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Is India Immune To Global Tightening?


Emerging markets gained significantly from the pandemic-induced quantitative easing that the advanced economies, especially the U.S., and the opportunities created. Fallout: The monumental fiscal stimulus and acute supply shortages led to strong domestic demand and contraction in their exports. 

As a side effect, these created new export opportunities for the EMs, especially China and India, which saw disproportionate surge in their export volume and value.

The unleashing of ultra-accommodative monetary policy by the advanced economies also stimulated significant capital flows, collectively leading to forex reserves bulging in the emerging markets (RBI’s forex reserves peaked at $642 billion in September 2021, expanding by $167 billion since April 2020). The massive quantitative easing led by the U.S. Federal Reserve resulted in EM Asia forex reserves bulging by $600 billion, of which 30% came to India and 24% to China. 

The role of global trade rebound in India’s recovery is reflected in the stupendous rise in the share of external trade (goods and services exported plus imported) in GDP to a seven-year high of 50% in the June 2022 quarter from the pre-pandemic levels of 36%.  

However, the ratcheting-up of inflation is compelling a quick transition to an increasingly restrictive and synchronous monetary tightening by central bankers, particularly the U.S. Fed and Europe’s ECB. This is quickly eroding the episodic post-pandemic gains as reflected in the pervasive decline in forex reserves of EM and Asia.

The combined forex reserves for the major Asian countries have declined by $560 billion, out of which China, India and Japan have contributed 35%, 16% and 23% respectively. This spillover impact of monetary tightening by the advanced economies have transmitted growth dampeners into the EMs, through declining exports, price realisation on exports and tighter financial conditions.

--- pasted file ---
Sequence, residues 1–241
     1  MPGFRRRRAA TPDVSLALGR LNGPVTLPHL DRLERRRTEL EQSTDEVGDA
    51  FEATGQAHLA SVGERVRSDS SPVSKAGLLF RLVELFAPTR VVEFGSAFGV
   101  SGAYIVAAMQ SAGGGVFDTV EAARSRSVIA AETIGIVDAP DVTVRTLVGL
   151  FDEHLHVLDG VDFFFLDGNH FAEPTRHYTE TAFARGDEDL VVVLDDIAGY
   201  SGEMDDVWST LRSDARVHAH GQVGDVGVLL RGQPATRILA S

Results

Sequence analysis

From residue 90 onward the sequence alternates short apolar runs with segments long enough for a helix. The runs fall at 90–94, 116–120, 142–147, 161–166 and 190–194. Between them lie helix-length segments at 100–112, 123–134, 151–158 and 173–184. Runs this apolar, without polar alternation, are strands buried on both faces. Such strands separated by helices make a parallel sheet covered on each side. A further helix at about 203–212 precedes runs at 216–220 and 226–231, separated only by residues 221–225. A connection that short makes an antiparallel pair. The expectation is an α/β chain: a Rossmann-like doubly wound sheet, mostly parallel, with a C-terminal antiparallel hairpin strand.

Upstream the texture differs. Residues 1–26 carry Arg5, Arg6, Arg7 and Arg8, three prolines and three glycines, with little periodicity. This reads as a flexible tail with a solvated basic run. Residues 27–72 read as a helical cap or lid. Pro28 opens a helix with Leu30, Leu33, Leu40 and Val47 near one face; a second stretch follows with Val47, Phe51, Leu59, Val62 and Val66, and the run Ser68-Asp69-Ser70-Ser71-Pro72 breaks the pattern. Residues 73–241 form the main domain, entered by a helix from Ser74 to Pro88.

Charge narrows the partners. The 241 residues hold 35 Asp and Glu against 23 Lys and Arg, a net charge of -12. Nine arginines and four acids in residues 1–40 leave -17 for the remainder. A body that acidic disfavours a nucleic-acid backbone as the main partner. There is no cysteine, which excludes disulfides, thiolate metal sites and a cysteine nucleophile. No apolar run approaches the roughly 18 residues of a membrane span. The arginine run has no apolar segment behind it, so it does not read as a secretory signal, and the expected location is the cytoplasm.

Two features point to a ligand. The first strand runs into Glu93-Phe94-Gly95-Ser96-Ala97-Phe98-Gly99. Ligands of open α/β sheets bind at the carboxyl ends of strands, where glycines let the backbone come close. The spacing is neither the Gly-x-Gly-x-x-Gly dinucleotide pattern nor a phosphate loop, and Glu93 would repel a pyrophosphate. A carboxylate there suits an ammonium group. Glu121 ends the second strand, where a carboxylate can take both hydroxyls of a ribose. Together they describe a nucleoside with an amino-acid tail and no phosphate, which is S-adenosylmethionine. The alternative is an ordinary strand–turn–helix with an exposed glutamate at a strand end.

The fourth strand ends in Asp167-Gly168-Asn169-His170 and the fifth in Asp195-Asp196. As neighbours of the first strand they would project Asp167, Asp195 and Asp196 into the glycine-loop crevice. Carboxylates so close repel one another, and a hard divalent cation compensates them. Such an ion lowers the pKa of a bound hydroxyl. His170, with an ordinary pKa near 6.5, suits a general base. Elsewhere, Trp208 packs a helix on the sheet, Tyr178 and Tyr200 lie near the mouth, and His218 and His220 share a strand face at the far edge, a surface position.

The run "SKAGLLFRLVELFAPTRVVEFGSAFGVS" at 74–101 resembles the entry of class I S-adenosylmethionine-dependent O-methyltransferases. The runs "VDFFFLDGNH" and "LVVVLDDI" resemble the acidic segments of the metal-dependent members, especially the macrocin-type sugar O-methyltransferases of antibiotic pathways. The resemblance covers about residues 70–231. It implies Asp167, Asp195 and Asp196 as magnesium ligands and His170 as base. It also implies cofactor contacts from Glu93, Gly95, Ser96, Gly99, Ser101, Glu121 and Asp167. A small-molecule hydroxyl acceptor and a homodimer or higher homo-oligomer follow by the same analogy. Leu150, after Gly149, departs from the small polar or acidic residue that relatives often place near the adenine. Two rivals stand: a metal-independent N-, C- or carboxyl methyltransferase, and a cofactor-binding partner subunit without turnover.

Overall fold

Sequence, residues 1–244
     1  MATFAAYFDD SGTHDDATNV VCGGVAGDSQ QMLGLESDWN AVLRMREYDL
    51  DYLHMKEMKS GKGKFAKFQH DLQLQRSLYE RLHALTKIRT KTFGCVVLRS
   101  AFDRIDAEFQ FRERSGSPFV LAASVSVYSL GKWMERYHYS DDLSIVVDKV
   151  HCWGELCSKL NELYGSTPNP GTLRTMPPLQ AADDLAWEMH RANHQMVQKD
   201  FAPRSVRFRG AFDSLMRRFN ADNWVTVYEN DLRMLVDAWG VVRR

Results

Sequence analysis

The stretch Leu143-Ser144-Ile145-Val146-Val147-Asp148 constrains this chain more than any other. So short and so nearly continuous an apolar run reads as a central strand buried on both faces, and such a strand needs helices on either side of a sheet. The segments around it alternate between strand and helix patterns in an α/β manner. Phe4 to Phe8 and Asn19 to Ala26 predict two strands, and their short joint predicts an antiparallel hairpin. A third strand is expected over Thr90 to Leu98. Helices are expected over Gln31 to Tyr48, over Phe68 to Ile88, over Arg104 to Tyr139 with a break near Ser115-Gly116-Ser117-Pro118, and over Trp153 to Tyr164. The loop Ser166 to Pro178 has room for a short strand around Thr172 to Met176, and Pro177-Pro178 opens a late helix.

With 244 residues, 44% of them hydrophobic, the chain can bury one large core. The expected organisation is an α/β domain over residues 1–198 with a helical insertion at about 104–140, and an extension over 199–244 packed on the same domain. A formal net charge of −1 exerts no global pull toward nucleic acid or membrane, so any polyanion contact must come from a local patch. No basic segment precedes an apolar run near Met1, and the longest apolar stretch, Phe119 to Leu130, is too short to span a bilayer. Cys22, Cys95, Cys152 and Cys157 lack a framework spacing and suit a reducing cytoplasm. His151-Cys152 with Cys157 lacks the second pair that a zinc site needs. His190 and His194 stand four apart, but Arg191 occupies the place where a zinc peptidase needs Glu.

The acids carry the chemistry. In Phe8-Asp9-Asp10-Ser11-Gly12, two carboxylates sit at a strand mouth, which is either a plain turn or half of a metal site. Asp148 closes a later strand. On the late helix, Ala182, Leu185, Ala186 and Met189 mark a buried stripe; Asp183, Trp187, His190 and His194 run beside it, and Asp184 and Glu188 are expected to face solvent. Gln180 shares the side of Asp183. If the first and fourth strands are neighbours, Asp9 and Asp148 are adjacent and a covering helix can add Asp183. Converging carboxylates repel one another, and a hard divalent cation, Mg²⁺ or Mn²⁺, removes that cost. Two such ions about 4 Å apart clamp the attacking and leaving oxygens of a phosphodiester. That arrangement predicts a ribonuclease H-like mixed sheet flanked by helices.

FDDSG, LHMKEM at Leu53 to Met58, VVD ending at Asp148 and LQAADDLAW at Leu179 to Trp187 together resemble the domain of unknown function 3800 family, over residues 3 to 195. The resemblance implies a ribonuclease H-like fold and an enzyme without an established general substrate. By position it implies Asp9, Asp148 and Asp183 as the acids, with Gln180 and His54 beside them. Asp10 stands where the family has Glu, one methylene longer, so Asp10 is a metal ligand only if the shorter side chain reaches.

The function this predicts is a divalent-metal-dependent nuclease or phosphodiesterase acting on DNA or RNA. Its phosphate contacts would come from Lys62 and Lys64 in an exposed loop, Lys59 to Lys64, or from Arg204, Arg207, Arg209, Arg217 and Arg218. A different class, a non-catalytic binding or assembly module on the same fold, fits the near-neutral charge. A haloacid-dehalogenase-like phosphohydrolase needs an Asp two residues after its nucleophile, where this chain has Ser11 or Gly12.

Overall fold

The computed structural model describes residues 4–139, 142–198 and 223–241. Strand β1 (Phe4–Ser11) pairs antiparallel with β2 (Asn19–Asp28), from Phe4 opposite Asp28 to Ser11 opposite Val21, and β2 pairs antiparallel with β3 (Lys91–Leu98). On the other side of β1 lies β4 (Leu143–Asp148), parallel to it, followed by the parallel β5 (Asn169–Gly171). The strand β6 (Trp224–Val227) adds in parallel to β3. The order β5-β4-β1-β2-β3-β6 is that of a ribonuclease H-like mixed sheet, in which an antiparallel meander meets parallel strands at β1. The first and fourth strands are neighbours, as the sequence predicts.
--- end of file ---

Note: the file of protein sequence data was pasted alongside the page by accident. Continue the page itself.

The big picture is that the synchronous monetary tightening, fiscal drag, and inward relocation of global sourcing by AEs would considerably narrow the external surpluses to EM Asia, thereby reversing the episodic post-pandemic gains.

Our estimates suggest that India’s growth sensitivity to global trade volume growth has risen to 1.73x since 2017, compared with 0.73x for China, revealing the large multiplier impact of external trade on domestic recovery. Thus, as exports slow and interest rates tighten, we expect India’s growth to slow to 5.0-5.5% in FY23E from 8.7% in FY22, aligning with the structural trajectory at 4-4.5%. 

But this moderation in growth projections is common across EMs, particularly Asia, which could be trending towards an average of 3.5-4.0% for 2022-26. Hence, the average growth differential between EM Asia and AE is expected to decline further to just 2% from the pre-Covid average of 4% and 8% in 2008, respectively.